Family Law Prof Blog

Editor: Margaret Ryznar
Indiana University
Robert H. McKinney School of Law

Monday, March 13, 2006

Wrongful Birth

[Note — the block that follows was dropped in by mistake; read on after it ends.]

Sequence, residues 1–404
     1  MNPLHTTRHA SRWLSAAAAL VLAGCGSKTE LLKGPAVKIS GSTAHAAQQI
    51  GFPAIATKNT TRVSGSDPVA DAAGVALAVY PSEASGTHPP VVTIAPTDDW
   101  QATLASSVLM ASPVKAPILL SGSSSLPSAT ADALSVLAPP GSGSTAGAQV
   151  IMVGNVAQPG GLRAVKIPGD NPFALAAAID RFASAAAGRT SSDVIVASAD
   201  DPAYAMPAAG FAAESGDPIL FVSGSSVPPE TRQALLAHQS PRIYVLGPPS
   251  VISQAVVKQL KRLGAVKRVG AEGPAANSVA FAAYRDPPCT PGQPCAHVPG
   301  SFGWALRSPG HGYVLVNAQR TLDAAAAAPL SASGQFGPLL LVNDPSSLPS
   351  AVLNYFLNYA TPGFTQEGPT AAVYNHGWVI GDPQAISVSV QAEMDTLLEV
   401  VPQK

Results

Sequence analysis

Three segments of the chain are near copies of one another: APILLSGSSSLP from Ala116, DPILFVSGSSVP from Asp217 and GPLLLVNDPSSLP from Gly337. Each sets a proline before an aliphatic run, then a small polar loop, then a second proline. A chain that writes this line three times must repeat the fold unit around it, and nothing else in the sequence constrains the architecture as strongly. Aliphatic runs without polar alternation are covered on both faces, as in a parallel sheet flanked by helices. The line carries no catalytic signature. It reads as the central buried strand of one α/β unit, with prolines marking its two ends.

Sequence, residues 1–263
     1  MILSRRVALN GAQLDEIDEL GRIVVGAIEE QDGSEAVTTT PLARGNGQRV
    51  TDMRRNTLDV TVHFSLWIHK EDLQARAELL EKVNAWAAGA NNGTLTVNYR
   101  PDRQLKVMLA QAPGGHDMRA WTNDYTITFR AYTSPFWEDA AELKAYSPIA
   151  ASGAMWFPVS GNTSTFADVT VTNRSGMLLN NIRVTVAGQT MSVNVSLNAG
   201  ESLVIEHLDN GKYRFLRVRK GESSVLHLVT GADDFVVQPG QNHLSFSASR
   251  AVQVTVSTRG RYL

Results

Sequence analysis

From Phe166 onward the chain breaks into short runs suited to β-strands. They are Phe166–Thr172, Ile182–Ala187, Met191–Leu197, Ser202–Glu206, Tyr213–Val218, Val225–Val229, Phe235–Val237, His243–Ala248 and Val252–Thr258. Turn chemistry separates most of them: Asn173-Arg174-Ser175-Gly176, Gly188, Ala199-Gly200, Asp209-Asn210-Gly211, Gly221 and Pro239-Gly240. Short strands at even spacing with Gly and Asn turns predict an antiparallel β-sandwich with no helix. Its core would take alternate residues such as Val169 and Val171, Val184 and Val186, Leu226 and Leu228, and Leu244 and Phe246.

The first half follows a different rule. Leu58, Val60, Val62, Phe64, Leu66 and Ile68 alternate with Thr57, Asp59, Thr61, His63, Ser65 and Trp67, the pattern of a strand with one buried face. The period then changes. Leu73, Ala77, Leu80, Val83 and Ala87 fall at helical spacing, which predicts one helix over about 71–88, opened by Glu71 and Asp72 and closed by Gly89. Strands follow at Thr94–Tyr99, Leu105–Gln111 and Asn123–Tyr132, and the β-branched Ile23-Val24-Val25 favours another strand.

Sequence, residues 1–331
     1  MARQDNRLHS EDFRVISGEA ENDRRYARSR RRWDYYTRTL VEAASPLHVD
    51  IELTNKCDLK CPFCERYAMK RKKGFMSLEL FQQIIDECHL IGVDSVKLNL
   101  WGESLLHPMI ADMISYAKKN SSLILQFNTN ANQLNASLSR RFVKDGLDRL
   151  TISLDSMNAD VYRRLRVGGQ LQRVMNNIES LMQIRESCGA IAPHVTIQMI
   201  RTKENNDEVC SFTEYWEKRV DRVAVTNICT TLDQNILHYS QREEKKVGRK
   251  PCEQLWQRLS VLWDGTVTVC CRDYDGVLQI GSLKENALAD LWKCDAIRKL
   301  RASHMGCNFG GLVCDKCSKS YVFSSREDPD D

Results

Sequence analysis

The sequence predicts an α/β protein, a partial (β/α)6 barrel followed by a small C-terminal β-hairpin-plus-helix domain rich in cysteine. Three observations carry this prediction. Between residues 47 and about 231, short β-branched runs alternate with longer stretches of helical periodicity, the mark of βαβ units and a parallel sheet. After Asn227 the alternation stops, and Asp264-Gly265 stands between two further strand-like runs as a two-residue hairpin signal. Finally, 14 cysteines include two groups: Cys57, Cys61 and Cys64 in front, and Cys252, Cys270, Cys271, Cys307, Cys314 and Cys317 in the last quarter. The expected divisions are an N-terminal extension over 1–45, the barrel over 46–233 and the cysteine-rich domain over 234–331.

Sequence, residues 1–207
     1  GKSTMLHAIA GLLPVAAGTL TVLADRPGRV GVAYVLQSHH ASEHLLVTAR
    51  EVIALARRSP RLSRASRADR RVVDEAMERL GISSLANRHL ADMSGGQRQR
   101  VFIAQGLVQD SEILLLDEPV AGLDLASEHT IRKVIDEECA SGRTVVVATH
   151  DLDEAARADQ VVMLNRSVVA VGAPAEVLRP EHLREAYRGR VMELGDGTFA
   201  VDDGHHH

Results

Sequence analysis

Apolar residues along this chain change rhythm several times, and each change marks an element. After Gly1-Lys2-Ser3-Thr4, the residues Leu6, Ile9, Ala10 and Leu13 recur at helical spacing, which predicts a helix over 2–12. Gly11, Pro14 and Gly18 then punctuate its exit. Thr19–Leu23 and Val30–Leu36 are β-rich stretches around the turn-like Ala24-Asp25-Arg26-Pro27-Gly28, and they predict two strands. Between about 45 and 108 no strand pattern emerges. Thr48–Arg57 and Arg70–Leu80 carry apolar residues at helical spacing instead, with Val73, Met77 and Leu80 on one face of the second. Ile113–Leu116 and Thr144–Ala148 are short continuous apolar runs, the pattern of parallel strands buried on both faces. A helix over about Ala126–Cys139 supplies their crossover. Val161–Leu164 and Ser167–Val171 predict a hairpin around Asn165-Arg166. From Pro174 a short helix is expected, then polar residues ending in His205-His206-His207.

"Like most American women who give birth to a severely handicapped child, Donna Branca became pregnant with A.J. well before the age of 35. Had she been older, her doctors would almost certainly have recommended amniocentesis to screen for genetic disorders. But she was 31, so they did not, despite the fact that she had an unusual pregnancy. Branca bled during her first trimester, a possible indication of birth defects, and at her midterm sonogram, when she was 20 weeks pregnant, her fetus looked smaller than it should have based on when her doctors originally presumed she conceived. Branca had not gained much weight, either, but her doctors — whom she is barred from identifying, by a legal settlement — saw no cause for alarm. . . . At present, courts in about half the states recognize wrongful birth as a subset of medical negligence or allow lawsuits under the more general malpractice umbrella if a doctor's poor care leads to the delivery of a child the parents claim they would have chosen to terminate in utero had they known in time of its impaired health. In some of these states, like New York, where the Brancas' case was tried, emotional damages — compensation for the distress incurred by having an impaired child — cannot be recovered." By Elizabeth Weil, New York Times Magazine  Link to Article (last visited 3-12-06 NVS)

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